It is important to realise that this does not mean the government can tell any part of the police how to do its job. It can give general instructions on policy, but not about investigating any particular case, how it treats any particular person or employment or dismissal of any particular officer. The situation is less clear for the NIS.
Though the President appoints the Inspector General of Police, he can remove him or her only because of something serious, including serious violation of the Constitution or any other law, gross misconduct, incapacity or incompetence. There is another reason: “Any other just cause”. This does seem rather broad and unclear. But it does mean that the President cannot dismiss for no particular reason. And it means that the reason ought to be clear.
The Constitution gives the President no power to dismiss any other police officer. But things are different for the NIS: The President may dismiss the Director General, and neither the Constitution nor the law prescribes any procedure or any justifications for dismissal. Almost certainly the NIS rather than the police would investigate a case similar to the Trump-Russian affair.
However, like any other public officer, the President must make any administrative decision in a fair way. That would include a decision to dismiss someone — including the IGP and the Director General of the NIS. Fair decision-making includes giving a person likely to be affected a chance to put his or her own case. It includes not making decisions on the basis of personal interest. And it includes a duty to give reasons.
The right of access to information means that anyone could ask the President to explain why a decision has been taken. There are good reasons sometimes for refusing information. Protecting oneself would not be a good reason.
Chapter Six of the Constitution says any state officer must avoid any conflict between his or her personal interests and public duties. This applies to the President as much as to any other person. And a gross violation of the Constitution is a ground for MPs to begin the process of removing the President — impeachment.
Our Constitution does not expect any public officer to swear loyalty to the President. For example, a Cabinet Secretary must swear to be faithful to the Republic (not the President), to serve the people and the Republic (not the President) and be a “true and faithful counsellor to the President”. The loyalty of public officers is to the Constitution and the nation, not to an individual. The US situation is similar: The Constitution says that oaths of office are “to support the Constitution”.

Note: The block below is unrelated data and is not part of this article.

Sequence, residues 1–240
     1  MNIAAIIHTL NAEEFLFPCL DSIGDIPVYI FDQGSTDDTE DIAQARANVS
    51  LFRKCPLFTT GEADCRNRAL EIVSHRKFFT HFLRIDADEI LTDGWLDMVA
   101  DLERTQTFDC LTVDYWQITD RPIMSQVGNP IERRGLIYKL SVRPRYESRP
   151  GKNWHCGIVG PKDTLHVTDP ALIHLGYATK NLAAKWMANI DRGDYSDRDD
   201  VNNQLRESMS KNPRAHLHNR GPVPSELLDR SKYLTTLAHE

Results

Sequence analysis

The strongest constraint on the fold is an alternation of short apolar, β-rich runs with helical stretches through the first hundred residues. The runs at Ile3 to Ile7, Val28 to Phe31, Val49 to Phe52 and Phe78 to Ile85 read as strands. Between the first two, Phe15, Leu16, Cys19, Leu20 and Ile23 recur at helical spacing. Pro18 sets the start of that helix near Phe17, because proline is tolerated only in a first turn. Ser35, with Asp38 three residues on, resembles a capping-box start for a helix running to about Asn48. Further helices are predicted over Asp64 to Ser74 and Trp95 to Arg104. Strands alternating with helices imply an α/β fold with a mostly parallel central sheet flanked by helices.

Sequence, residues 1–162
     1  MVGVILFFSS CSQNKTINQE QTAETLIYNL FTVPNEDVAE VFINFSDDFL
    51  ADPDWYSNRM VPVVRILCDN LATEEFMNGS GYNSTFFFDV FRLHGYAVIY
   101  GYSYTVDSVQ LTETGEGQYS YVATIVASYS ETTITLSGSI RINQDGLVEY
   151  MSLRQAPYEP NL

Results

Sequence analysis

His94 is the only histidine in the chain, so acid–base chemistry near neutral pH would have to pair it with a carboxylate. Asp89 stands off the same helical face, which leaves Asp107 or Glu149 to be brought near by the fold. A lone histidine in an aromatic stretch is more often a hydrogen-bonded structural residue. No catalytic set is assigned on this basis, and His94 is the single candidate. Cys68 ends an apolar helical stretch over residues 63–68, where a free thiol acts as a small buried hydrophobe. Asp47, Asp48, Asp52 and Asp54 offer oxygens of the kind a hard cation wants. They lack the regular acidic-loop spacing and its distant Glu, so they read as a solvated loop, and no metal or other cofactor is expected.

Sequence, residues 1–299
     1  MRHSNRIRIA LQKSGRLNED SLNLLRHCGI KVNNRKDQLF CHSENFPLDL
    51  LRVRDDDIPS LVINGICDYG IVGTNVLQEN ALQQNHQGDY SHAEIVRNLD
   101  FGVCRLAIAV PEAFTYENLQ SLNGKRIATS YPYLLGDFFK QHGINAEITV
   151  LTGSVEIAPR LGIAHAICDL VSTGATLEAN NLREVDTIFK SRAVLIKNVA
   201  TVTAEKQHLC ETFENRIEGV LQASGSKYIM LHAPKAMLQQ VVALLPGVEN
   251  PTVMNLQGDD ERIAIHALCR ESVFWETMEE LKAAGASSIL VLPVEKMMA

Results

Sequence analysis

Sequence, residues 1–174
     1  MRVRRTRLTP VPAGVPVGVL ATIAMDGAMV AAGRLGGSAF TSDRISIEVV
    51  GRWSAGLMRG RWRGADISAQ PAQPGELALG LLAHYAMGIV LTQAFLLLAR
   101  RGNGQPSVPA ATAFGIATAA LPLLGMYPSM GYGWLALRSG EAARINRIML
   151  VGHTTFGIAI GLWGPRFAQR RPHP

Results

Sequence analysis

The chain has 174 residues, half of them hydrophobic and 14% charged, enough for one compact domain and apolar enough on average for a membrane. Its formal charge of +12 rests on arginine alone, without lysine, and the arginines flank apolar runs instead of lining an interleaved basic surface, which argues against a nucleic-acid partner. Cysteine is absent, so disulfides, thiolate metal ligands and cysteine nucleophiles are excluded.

Our Constitution mentions the “rule of law” seven times, from the Preamble to the duty of the Attorney General to “promote, protect and uphold” it, and the principle that “national security shall be pursued with the utmost respect for the rule of law”. And the President must “ensure the protection of human rights and fundamental freedoms and the rule of law”.
Our Constitution was designed under the influence of a profound distrust of power and those who exercise it. It is unfortunate, perhaps, that it gives a President so much power over appointment and dismissal of the heads of the police and the NIS. But there are many requirements and principles that hedge even these presidential powers.
The rule of law, the requirements for fair procedures, the prohibitions on conflict of interest, the requirements for public openness — like giving reasons — and the limitations on the powers of the President, even if not enough, should all, if properly applied, make it hard for something such as Trump-Comey to happen in Kenya.
But there have been changes to the law, actual and threatened, making it easier for the president to control, and even dismiss senior security services officers. It is up to Kenyans and their democratic institutions and their courts to ensure that the constitutional limits are respected.